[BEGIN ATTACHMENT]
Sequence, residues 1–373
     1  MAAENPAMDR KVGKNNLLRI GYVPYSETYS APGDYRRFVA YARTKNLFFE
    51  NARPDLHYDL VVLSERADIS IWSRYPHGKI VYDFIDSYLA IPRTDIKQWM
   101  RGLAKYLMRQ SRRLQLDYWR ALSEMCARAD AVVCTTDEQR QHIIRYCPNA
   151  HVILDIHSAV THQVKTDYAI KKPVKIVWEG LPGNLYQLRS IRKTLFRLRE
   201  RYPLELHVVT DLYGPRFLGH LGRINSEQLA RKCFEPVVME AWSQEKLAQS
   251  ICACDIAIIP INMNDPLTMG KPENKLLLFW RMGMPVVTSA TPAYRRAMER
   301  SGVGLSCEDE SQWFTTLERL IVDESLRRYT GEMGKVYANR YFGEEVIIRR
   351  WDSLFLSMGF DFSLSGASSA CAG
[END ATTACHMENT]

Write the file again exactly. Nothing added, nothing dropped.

Sequence, residues 1–373
     1  MAAENPAMDR KVGKNNLLRI GYVPYSETYS APGDYRRFVA YARTKNLFFE
    51  NARPDLHYDL VVLSERADIS IWSRYPHGKI VYDFIDSYLA IPRTDIKQWM
   101  RGLAKYLMRQ SRRLQLDYWR ALSEMCARAD AVVCTTDEQR QHIIRYCPNA
   151  HVILDIHSAV THQVKTDYAI KKPVKIVWEG LPGNLYQLRS IRKTLFRLRE
   201  RYPLELHVVT DLYGPRFLGH LGRINSEQLA RKCFEPVVME AWSQEKLAQS
   251  ICACDIAIIP INMNDPLTMG KPENKLLLFW RMGMPVVTSA TPAYRRAMER
   301  SGVGLSCEDE SQWFTTLERL IVDESLRRYT GEMGKVYANR YFGEEVIIRR
   351  WDSLFLSMGF DFSLSGASSA CAG